Kathak today is a virtuosic dance performed by trained artists as a profes- sional production for an audience. Characteristic kathak dance vocabulary in- cludes rhythmic footwork, which is often improvised and enhanced by ankle bells called ghunguru, and dizzy- ing sequences of spins called chakkars. This energetic side is contrasted by flowing, sensual gestures used pre- dominantly in expressive or narrative dances and con- tained for the most part in the arms, hands, and upper body. Kathak dancers’ ges- tures and facial expressions are subtle and contrast with the more exaggerated, the- atrical movements of other Indian dances. In what is considered its most tradi- tional form, this distinc- tive vocabulary (energetic and sensual) finds expres- sion through a performance practice consisting of a solo presentation of a se- Figure 1: Pandit , hereditary Kathak dancer ries of short dance pieces and current authority of kathak dance (specifically the style from the city of ). Source - The of India that unfold over a gradu- Group © BCCL. Used with permission. ally increasing tempo. The 174 MUSICultures 37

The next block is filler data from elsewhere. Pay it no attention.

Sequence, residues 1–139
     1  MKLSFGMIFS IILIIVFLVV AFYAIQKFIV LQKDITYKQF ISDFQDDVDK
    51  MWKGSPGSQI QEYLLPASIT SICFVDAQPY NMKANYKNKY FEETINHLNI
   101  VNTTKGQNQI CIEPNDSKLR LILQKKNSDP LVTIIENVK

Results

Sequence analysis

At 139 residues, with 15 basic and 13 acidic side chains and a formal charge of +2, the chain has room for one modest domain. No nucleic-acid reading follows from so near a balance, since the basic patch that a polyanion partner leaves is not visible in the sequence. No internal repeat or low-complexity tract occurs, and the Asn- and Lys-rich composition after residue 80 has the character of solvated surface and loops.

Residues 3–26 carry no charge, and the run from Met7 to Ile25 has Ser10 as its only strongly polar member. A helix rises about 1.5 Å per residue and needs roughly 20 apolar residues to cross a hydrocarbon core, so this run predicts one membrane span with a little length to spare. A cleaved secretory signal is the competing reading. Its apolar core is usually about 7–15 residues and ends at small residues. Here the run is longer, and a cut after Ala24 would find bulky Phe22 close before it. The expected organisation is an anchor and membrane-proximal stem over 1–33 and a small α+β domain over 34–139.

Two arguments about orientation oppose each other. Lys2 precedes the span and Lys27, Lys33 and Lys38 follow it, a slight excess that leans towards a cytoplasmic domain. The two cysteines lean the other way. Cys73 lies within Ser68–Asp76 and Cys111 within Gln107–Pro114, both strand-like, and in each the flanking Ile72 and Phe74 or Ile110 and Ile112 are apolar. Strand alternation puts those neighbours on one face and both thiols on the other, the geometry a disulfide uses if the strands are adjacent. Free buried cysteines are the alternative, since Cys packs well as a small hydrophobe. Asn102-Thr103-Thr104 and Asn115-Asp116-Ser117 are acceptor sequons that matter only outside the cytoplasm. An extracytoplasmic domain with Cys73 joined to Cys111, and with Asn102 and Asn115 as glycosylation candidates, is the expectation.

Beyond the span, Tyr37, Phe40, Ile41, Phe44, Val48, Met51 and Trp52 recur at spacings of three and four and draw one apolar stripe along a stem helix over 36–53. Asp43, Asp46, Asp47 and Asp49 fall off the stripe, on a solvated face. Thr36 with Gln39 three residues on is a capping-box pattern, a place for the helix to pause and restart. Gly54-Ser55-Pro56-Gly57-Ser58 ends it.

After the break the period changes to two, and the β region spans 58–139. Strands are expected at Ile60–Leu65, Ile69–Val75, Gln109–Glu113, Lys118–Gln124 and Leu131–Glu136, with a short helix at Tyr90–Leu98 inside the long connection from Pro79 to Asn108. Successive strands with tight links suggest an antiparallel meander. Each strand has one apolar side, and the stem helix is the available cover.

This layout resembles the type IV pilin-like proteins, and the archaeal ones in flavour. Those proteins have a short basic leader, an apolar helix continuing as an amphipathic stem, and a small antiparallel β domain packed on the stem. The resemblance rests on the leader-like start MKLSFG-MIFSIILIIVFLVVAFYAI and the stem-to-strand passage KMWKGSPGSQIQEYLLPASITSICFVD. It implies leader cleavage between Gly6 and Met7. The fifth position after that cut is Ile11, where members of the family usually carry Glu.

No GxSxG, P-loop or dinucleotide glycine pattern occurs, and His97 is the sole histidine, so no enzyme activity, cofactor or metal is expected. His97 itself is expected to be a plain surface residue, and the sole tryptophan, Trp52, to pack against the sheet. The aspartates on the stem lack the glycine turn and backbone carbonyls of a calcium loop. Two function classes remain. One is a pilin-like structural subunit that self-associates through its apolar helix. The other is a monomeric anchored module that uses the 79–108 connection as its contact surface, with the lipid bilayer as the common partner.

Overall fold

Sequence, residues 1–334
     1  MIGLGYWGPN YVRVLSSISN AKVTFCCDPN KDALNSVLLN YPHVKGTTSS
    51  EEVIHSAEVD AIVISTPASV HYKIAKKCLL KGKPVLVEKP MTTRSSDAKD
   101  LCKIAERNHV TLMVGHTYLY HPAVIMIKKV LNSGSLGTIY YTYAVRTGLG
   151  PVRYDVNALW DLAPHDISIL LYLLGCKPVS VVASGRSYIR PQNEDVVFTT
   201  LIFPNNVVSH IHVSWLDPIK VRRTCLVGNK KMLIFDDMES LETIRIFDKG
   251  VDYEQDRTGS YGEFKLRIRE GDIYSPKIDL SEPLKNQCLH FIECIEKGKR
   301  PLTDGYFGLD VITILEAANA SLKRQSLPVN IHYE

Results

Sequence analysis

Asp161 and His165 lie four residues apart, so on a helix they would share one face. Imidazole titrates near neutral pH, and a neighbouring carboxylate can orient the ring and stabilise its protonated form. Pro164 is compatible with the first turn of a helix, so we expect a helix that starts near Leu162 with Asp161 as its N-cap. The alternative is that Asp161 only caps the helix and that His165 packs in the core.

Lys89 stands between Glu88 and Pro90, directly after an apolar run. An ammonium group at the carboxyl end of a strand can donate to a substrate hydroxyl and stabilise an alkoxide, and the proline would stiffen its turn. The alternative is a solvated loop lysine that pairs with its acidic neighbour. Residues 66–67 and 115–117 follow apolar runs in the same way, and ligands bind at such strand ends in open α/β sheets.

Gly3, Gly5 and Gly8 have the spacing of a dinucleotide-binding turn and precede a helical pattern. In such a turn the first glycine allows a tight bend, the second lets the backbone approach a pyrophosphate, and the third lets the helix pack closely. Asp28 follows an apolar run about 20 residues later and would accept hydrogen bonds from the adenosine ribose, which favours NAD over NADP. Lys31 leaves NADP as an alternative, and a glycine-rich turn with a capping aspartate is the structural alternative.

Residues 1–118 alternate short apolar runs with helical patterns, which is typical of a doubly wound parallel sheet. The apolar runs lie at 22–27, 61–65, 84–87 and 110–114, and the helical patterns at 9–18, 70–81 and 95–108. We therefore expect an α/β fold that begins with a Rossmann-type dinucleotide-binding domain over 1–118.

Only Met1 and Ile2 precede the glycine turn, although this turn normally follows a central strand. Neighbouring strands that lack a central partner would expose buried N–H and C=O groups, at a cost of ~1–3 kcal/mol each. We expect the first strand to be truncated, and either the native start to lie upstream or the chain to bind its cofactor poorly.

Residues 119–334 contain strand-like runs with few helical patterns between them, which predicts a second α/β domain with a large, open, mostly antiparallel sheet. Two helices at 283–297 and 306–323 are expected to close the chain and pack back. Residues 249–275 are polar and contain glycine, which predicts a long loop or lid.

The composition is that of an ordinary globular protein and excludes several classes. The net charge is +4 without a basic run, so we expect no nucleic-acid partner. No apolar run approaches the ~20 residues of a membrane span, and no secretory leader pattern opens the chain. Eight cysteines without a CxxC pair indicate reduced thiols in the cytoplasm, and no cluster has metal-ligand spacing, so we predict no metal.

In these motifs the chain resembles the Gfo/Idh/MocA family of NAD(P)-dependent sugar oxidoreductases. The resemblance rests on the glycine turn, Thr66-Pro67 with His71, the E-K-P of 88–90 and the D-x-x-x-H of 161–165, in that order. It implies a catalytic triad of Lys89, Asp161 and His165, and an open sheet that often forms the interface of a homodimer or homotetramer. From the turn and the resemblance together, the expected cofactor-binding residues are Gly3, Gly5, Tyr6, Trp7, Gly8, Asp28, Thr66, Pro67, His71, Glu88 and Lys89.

individual items or “numbers” range from the aforementioned expressive or narrative sections illustrating poetry or telling stories from Hindu mythol- ogy to complex composed rhythmic pieces closely related to North Indian drumming. Kathak dance repertoire thus seems to comprise a number of di- chotomies – rhythmic versus narrative, energetic versus flowing, devotional versus secular, and improvised versus pre-composed – that are witness to its syncretic development. Kathak’s origins are multiple and varied. The most widely disseminated belief is that kathak originated in temple, where priestly story-tell- ers called Kathakas performed devotional songs and dances. With the advent of Muslim rule in North India, these performers are said to have sought em- ployment in the courts and changed the aesthetic of kathak dance from de- votional to virtuosic in order to please their non-Hindu patrons (for further information see among many others 1972, Banerji 1982, Khokar 1984, Natavar 2000, and Sinha 2000). I have investigated this claim of kathak’s sup- posed temple origins at length (Walker 2004 and 2009/2010), and have found little, if any, substantial documentation to support it. Indeed, before the 1920s or 1930s, there is no mention at all in either the indigenous treatises or colo- nial travel writings of dance called kathak. There are references to performers called Kathaks1 in the census reports from the 1800s (see below), but sources from the 1700s make no mention of them. As one looks through past centuries for the dance’s elements rather than the name, however, one can find evidence of a number of semi-related performance traditions scattered across North India from Benares to that are indeed the historical roots of today’s dance. These include the performance practice of the hereditary women per- formers we now call courtesans or tavayafs, the rhythmic dances of the heredi- tary male performers variously called , Bhands, or Bhagatiya, and a range of devotional and secular rural theatrical genres including Ras Lila, Ram Lila, and Nautanki (Walker 2004). The shifts in patronage, location, venue, and context that fused these elements into a dance that became kathak are the processes of the revival itself, and are best examined in some detail. In the last decades of the 1800s, just a short after the formal in- auguration of British Imperial rule or Raj, in 1858, new political winds were already blowing. More than a century of European control seemed to have robbed India of its fabled wealth, cultural pride, and political autonomy, yet new opportunities for education and employment in combination with indig- enous intellectual traditions had empowered an increasingly influential mid- dle class. Hand-in-hand with the burgeoning Independence movement came a gradual reclamation of a sense of Indian identity and cultural pride stem- ming from the Bengali literary in the 1800s and culminating in the Walker: Revival and Reinvention in India’s Kathak Dance 175 founding of national institutions after independence in 1947. The creation of national, “classical” music and dance genres was fundamental to this cultural repossession. Central to the revival was the need to link contemporary culture to an indigenous past, one that was, in Janet O’Shea’s words, “pure, distinc- tive, and unaltered by colonial hybridity” (2008:169). This involved a range of means from artistic using source material from the recently redis- covered treatises to explanations of all current performance practice through with elite Hindu devotional traditions. Yet, in North India, music and dance’s association with the supposedly decadent Muslim courts and the sensuous world of the courtesans clashed with this view of , not to mention with the Victorian sensibilities of both British occupiers and the British-educated middle class Indians, and resulted, by the late 1800s, in widespread disdain for the performing arts. The most visible and best known manifestation of this contempt was the “anti-” movement which sought to ban the of hereditary women both in the temple (where girls were still symbolically “married” to the deities) and in the courtesan’s salon. Public performance, especially dance performance by hereditary women, be- came symbolic of the social ills that had supposedly made occupation possible in the first place (see Forbes 1996, Rao 1996, and Sundar 1995 among oth- ers). The music of a “pure” Indian culture, although offering much needed na- tional esteem in the wake of colonial repression, could thus only be reclaimed through the removal or marginalization of the “impure” elements in contem- porary music and simultaneous connection to the ancient past. In the case of the dance that became kathak, it was the hereditary male performers, the Kathaks, who played a key role in the reclamation. In the courts and kothas (or courtesans’ salons), the Kathaks had been the teachers and accompanists of the courtesans and should have had to struggle, by as- sociation, with the same level of repression and contempt as that afforded the women. Unlike most other professional musicians in North India, however, they were (and are) . Through the 1800s, the Kathaks had effected what is called a caste shift, where a group of lower status people gain some sort of advantage (usually financial), adopt a new name that separates them from their original group, cultivate behaviours that reinforce their ameliorated status, and create a new history supporting the new identity and denying any asso- ciation with the group from which they split off (Pandian 1995). Identifying what name the “Kathaks” went by before 1800 is a matter of speculation, but the shift itself is visible through the British census reports. In the 1832 “Census of Population of the City of Benares,” 118 Kathaks described as “Music and Dancing Masters” are included in the category of , the lowest ranking or servant caste (Princep 1832:495). By 1885, however, in the “Tribes and 176 MUSICultures 37